quinta-feira, 3 de setembro de 2015
Alexis through the looking-glass world of Greek politics
Ainda é cedo pra fazer previsões sobre o resultado das eleições gregas. Tsipras ainda é muito popular, mas o seu partido nem tanto. Um governo de união nacional parece ser a melhor opção, mas isto está longe de ser uma tarefa fácil. A pressão europeia( nos bastidores) será fundamental pra a formação de um governo estável e em condições de implementar as reformas necessárias à retomada do crescimento na Grecia. Emoções à vista.
In the looking-glass world of Greek debt politics, everything changes from one year to the next and everything stays the same. Consider the snap election that takes place on September 20, hard on the heels of the country’s third financial rescue in five years. Latest opinion polls indicate that Alexis Tsipras, the leader of the leftwing Syriza party and former prime minister who triggered the election in a bid to strengthen his grip on power, is at risk of defeat. Yet will it matter? Whatever the result, the ravaged economy will remain suffocated by the same fog of illusions that enshrouds relations with its creditors.
Everything changed when Syriza took office in January on a wave of support for overturning the orthodoxies of eurozone financial and economic policy. After months of helter-skelter rule, and after breaking with his party’s dogmatic ultra-leftist faction, Mr Tsipras still finds it hard to suppress his distaste for these orthodoxies.
Yet everything is the same because Syriza signed up in July for a €86bn bailout from its European creditors. The government accepted a trade-off between financial aid and internationally supervised domestic reform — just as its centre-left, technocratic and centre-right predecessors did between 2010 and 2014. Mr Tsipras even relied on the parliamentary support of his centre-left and centre-right adversaries to legitimise the bailout. Hard-pressed Greeks can be excused for asking why it is necessary to elect a new parliament for the fifth time since October 2009, and what practical difference it will make to their lives if they vote for Syriza or any of its mainstream rivals.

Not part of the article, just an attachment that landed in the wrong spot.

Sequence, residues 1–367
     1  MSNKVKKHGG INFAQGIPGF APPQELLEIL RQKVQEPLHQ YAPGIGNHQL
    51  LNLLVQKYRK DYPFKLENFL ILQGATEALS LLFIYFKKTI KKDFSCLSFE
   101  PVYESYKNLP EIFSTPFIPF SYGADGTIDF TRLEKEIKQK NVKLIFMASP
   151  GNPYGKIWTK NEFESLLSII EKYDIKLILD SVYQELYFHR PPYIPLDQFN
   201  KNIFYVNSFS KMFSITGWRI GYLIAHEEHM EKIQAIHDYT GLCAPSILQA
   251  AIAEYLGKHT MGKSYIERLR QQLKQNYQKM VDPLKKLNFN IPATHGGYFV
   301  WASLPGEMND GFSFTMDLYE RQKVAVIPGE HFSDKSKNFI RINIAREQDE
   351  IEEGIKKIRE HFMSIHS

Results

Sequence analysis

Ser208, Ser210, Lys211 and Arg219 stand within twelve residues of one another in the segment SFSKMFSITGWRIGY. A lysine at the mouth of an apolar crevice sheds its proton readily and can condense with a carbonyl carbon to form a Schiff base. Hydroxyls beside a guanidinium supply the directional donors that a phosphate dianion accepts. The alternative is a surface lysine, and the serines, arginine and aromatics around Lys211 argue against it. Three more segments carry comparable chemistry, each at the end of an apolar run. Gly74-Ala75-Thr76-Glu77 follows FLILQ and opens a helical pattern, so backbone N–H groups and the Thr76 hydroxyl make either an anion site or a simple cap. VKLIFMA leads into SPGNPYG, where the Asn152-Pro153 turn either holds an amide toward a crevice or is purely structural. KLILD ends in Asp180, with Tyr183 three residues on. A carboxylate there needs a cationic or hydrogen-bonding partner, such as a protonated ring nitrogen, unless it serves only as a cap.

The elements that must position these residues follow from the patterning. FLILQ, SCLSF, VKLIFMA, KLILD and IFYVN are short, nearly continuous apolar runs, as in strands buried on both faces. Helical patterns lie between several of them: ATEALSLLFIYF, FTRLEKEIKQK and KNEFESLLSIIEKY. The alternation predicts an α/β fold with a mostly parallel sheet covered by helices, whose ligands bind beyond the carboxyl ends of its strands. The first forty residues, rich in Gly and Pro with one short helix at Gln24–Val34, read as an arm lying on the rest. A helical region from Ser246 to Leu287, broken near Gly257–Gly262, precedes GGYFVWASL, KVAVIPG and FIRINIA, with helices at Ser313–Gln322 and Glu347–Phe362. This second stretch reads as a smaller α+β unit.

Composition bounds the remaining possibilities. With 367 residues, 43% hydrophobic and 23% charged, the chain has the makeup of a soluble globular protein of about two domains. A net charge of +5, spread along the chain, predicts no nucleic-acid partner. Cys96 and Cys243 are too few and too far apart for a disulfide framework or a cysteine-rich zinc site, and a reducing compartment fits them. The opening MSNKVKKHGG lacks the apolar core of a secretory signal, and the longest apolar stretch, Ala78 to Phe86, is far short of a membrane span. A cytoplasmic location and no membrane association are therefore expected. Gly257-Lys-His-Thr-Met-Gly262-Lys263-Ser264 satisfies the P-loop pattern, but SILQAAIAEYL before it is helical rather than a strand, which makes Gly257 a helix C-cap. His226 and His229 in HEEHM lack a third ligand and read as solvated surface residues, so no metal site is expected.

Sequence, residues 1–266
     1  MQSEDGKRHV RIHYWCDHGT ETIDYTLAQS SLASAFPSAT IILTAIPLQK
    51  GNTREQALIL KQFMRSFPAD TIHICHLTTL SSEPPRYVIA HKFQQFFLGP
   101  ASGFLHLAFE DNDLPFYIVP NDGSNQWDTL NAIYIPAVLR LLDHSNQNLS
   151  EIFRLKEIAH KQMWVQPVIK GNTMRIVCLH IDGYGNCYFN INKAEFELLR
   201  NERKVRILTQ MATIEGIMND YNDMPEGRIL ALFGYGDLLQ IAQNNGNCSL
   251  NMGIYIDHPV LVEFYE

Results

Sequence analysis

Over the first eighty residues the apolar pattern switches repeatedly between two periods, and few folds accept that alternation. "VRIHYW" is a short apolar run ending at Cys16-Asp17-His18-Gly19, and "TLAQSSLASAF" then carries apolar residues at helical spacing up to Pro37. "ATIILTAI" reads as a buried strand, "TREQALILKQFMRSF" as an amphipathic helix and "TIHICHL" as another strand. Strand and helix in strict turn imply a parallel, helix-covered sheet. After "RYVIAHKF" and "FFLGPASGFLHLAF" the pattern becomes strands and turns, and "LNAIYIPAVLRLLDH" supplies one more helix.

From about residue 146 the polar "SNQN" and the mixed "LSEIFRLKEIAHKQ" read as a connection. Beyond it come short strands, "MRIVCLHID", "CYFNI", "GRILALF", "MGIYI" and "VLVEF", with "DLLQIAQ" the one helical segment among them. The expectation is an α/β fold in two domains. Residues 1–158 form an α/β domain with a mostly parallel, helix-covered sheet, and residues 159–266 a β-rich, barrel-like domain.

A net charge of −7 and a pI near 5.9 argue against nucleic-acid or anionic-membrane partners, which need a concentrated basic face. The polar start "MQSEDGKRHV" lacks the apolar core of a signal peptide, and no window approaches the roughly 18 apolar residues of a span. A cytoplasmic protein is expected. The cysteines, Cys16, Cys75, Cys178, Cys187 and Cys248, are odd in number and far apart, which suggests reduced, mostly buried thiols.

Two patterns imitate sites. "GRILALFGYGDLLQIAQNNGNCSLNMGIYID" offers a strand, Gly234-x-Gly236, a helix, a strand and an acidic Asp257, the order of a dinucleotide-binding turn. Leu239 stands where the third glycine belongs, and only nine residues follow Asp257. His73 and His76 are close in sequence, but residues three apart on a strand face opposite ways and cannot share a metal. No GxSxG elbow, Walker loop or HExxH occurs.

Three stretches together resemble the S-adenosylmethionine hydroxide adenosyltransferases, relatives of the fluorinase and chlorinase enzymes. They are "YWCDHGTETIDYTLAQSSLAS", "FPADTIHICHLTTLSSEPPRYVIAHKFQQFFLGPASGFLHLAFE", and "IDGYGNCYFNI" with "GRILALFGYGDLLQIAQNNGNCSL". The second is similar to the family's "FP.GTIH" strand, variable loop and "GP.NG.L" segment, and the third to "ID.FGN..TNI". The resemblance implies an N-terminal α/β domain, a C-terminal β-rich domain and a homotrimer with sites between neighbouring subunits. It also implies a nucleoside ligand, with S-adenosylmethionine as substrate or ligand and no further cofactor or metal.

Everything is different because the third bailout has removed the threat, dangled in July by Germany, that Greece might be suspended from the eurozone — a possible prelude to Grexit, or permanent exit. The bailout is intended to last until 2018, eliminating for three years the risk that Greece might default on repayments to its European lenders and the International Monetary Fund.
Yet everything is the same because, in the make-believe world inhabited by Greece and its European creditors, everyone pretends the next government in Athens — whatever its political complexion — and the Greek public administration at all levels will carry out reforms as required. This lets the creditors pretend to their voters, as they have done since the first, €110bn, bailout of May 2010, that Greece will repay its loans in full. It helps Greek politicians defend themselves against the accusation they have hoodwinked other European governments into supplying a constant flow of funds in return for nothing.
Make-believe politics reached its apogee two weeks ago when Martin Selmayr, chief aide to Jean-Claude Juncker, European Commission president, tweeted that the snap election was a good move because it might broaden domestic support for the new rescue programme. Actually, the campaign points to deep political uncertainty and perhaps even yet another election.
Support for Syriza is draining faster than euros from Greek bank accounts before the introduction in June of capital controls. Any hope Mr Tsipras had of winning an outright parliamentary majority has vanished. According to an opinion poll on Wednesday, Syriza has even fallen slightly behind the centre-right opposition New Democracy party.
Greece faces one of two prospects. The first is a Syriza-led government, in which the dominant party must work with coalition partners it dislikes to implement a foreign-imposed reform programme it dislikes even more. The second is a New Democracy-led government, made up of parties that were largely responsible for the mess and have shown little capacity to clean it up.
One way or another, the uncertainty created by the election will stall reforms, delay debt relief, threaten recovery and resurrect the spectre of Grexit. If this sounds like a record you have heard before, you are right.